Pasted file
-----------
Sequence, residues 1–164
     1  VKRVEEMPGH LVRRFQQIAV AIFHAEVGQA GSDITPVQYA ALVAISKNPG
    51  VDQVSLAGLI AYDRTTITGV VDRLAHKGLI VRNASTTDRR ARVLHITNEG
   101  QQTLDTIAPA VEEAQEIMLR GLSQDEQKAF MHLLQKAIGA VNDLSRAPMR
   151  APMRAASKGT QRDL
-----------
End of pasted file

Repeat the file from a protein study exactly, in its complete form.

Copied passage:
Sequence, residues 1–164
     1  VKRVEEMPGH LVRRFQQIAV AIFHAEVGQA GSDITPVQYA ALVAISKNPG
    51  VDQVSLAGLI AYDRTTITGV VDRLAHKGLI VRNASTTDRR ARVLHITNEG
   101  QQTLDTIAPA VEEAQEIMLR GLSQDEQKAF MHLLQKAIGA VNDLSRAPMR
   151  APMRAASKGT QRDL